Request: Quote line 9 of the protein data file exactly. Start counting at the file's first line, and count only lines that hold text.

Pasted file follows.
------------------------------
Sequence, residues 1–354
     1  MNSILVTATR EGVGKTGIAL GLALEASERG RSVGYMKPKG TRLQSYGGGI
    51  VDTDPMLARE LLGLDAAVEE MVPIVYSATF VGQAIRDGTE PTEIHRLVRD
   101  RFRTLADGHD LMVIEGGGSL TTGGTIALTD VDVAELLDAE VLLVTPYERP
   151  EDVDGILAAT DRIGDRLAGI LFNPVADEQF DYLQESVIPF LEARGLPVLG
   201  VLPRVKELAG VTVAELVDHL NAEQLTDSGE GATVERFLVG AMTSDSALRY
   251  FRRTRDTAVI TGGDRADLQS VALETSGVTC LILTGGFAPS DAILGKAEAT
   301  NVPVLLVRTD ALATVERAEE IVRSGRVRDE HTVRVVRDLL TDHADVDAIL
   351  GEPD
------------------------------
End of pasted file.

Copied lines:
   351  GEPD